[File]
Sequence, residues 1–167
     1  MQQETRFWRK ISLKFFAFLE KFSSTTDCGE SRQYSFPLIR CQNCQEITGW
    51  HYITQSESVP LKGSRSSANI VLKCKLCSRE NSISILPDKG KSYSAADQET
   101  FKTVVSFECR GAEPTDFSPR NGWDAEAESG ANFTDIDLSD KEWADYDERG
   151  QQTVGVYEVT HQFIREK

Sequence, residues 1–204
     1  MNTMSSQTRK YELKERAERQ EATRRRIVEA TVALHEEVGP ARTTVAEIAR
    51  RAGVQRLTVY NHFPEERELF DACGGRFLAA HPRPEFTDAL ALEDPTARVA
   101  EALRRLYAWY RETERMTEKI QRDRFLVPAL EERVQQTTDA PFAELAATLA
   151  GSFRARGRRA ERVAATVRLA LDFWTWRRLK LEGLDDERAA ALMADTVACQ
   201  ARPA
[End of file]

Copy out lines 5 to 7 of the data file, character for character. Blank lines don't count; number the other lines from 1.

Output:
   151  QQTVGVYEVT HQFIREK

Sequence, residues 1–204
     1  MNTMSSQTRK YELKERAERQ EATRRRIVEA TVALHEEVGP ARTTVAEIAR